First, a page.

When you think of famous crime families, you tend to imagine the Hollywood version of a Mafia family with such names as Luchesse, Gambino, and Genovese, but in reality they sometimes come with everyday names, although the level of drama is still the same. One such family operated in the streets of Melbourne, Australia, and while the Moran’s became a legendary name in the Aussie crime scene, it was the matriarch of the family, Judy Moran, who ended up achieving celebrity like status before her sordid past caught up with her.
It was perhaps due to the fact that Judy came from an entertainment background, her mother a dancer at the famous Tivoli, that made her love the spotlight so much. She was always quick with a one-liner, or anecdotal story, all of which made her a somewhat beloved figure on the media circuit. She also helped her public persona by claiming that she was just a wife and mother maintaining the family home, and one who was completely unaware of any shady underworld type dealings that any of the family might be involved in. That seems like something of a stretch, especially when you consider how well they lived, and how badly so many of them died.
Judy was born in December, 1944, and seemingly lived a fairly normal life until she met and married Leslie John Cole, or Johnny as he was better known. The couple had a son named Mark, who would later go on to take the Moran name. Johnny was known to be involved in the drug scene, and in 1982 he was gunned down in a drug-related incident, although by that time the couple had divorced and Judy had fled to the arms of Lewis Moran. Although they never married, Judy legally changer her last name, as well as that of her son’s to Moran. They in turn had a son named Jason, and while on the outside it may have looked like one big happy family, that was an image that would soon be shattered by a number of violent events.
While Judy always claimed that she was a regular housewife, she was also one that loved the finer things in life, and even in her autobiography she claimed to have no idea how Lewis was able to afford her with such an affluent lifestyle. The same must be said for her two sons, both of whom were living large, despite being out of work for extended periods of time. The deaths of all three men should have been enough to tip Judy off that something wasn’t quite right, that is if we are to believe her story of being kept in the dark all those years.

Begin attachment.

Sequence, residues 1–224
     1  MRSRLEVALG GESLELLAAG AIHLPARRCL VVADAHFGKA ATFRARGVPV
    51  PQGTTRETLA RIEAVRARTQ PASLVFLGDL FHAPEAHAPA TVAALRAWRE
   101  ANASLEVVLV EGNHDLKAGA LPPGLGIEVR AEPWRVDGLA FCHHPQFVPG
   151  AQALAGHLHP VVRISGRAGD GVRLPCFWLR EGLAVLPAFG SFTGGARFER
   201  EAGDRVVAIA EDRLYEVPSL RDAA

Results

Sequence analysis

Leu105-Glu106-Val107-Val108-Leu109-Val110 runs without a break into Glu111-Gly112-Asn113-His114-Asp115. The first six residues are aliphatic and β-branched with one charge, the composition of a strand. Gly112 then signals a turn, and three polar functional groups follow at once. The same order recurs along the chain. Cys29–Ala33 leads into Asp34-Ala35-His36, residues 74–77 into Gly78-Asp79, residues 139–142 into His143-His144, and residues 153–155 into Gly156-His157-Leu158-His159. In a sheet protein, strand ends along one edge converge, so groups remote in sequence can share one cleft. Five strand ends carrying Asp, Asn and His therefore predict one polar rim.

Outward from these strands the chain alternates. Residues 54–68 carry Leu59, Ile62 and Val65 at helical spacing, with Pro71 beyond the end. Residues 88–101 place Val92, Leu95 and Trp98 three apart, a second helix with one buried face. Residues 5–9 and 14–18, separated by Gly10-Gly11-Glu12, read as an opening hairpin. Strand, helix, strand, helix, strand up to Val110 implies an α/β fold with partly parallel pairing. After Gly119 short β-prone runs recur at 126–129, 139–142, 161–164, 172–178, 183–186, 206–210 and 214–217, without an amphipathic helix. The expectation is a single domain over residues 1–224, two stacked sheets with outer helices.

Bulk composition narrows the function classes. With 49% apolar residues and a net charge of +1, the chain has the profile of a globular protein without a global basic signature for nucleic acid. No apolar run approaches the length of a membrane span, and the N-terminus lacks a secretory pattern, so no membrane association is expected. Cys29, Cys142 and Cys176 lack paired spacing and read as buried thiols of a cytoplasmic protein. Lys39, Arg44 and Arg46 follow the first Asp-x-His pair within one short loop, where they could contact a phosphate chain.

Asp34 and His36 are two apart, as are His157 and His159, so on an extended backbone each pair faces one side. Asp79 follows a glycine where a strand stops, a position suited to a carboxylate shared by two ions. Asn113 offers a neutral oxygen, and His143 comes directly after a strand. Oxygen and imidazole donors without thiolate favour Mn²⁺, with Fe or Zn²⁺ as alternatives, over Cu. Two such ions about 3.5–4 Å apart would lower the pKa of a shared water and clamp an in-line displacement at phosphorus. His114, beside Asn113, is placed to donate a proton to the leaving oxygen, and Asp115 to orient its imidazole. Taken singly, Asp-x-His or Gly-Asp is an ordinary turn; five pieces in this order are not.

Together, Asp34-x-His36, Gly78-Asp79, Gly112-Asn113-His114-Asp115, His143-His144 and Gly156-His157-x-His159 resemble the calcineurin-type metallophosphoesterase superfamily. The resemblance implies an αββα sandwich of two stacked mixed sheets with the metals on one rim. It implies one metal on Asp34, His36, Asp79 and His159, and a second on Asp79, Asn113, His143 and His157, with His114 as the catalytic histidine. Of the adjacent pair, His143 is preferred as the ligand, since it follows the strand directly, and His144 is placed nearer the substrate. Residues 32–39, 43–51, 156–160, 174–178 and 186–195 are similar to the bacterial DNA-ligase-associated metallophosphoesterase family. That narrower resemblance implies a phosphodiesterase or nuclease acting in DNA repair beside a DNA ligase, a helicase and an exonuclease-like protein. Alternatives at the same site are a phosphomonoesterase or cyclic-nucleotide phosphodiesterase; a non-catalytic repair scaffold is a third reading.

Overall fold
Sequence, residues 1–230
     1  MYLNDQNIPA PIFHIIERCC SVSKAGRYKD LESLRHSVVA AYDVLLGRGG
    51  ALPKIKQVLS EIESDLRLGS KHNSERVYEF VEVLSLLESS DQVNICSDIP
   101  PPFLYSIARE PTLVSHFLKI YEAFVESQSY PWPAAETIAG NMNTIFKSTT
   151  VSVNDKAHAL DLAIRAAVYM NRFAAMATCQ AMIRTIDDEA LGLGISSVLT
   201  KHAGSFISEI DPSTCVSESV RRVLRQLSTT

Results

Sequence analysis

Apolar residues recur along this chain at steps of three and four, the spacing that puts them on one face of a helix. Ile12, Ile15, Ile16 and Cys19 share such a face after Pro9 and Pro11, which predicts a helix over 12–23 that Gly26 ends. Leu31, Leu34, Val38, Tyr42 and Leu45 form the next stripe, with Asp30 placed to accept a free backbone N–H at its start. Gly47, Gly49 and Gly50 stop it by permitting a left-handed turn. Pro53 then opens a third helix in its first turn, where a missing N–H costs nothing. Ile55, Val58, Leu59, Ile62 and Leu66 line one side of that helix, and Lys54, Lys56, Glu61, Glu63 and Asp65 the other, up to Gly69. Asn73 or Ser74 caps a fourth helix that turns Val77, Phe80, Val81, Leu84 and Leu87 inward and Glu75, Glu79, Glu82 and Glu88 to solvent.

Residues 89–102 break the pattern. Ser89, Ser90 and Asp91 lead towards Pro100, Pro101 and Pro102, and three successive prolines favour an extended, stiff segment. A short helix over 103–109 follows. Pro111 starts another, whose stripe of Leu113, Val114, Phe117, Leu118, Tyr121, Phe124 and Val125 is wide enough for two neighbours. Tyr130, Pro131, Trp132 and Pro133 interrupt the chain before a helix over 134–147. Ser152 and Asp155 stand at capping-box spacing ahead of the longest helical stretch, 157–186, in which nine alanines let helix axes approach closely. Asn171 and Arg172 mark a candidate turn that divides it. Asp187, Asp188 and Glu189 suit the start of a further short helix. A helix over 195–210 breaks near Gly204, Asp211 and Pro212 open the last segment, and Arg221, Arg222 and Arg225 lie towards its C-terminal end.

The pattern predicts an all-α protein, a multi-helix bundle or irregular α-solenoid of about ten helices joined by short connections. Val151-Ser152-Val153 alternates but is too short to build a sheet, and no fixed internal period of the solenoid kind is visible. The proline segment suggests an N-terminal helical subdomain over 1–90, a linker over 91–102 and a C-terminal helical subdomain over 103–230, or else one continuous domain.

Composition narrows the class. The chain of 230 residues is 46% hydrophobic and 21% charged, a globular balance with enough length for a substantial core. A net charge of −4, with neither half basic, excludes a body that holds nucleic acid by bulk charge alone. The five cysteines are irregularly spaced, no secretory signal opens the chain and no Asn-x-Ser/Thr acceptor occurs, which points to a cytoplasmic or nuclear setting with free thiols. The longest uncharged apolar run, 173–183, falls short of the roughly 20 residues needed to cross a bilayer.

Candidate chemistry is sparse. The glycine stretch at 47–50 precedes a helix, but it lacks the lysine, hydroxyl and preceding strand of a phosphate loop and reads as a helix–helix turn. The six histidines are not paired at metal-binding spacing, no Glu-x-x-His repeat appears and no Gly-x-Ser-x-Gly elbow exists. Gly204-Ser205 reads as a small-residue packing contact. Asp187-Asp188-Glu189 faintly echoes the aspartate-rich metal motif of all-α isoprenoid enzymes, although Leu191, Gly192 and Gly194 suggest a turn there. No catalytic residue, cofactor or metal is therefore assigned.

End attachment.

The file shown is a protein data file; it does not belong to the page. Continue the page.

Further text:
Her boy’s activities in particular should have raised suspicion, with Mark, a pastry chef by trade, albeit an unemployed one, owning a $1.3 million home in Essendon. Jason had spent some time in jail, and despite having no job, or any other sign of income, he could be spotted driving around the city in a flashy looking silver BMW. It turned out that the pair was involved in the manufacture and distribution of amphetamine powders and ecstasy, an occupation that cost them both their lives. Mark was shot and killed in 2000, with Jason suffering the same fate in 2003.
It was known that Lewis had a penchant for crime, although most of it was of the petty variety. Pickpocketing and theft were his signature crimes, but the lure of the big bucks, probably fuelled by Judy’s insatiable appetite for the 5-star lifestyle, led him into business with the boys. Lewis’s brother Des, also known as Tuppence, or Tuppy, was also a part of the family business, although not always on a permanent basis. Working side by side with his brother meant spending time with Judy, and it was no secret that the pair despised one another. Even after Lewis succumbed to the bullet in 2004, Des steadfastly maintained his hatred for Judy, and hated the fact that she continued to carry the Moran family name.
The feud between Judy and Tuppence continued to rage in the years following Lewis’s death, and when Tuppy was found murdered in June of 2009, the spotlight was immediately turned on Judy. Des had been helping Judy pay the bills for quite some time, and when he threatened to cut her and the grandkids off, the pressure became too much to handle. Judy had long has a bit of a love/hate relationship with Suzanne Kane, sister-in-law of her son Jason, but they saw eye to eye long enough to go after Des. Kane’s partners Geoffrey Amour, as well as another individual, who was later released by police, were all thought to be in on the murder of Tuppence.
The police alleged that Judy had hid the getaway car in her garage, and under surveillance, they caught her disposing of a pair of white gloves which were alleged to have been worn by the driver. A search of the Moran home led to the discovery of a safe, which contained guns, masks, and clothing, all of which witnesses to the crime had reported seeing the assailants wear. That was more than enough to take the case to trial, even though, on the police video of the search, Judy is seen talking to a police officer claiming to know nothing about the safe or its contents.
Almost two full years after the death of Tuppence Moran, Judy was found guilty of the murder, and sentenced to 26 years in jail, of which she will have to serve at least 21. It’s fair to say that her champagne lifestyle will come to a complete halt on the inside, but what is not clear is whether or not she is deserving of the title of Evil Lady; that is up to you, the reader, to decide.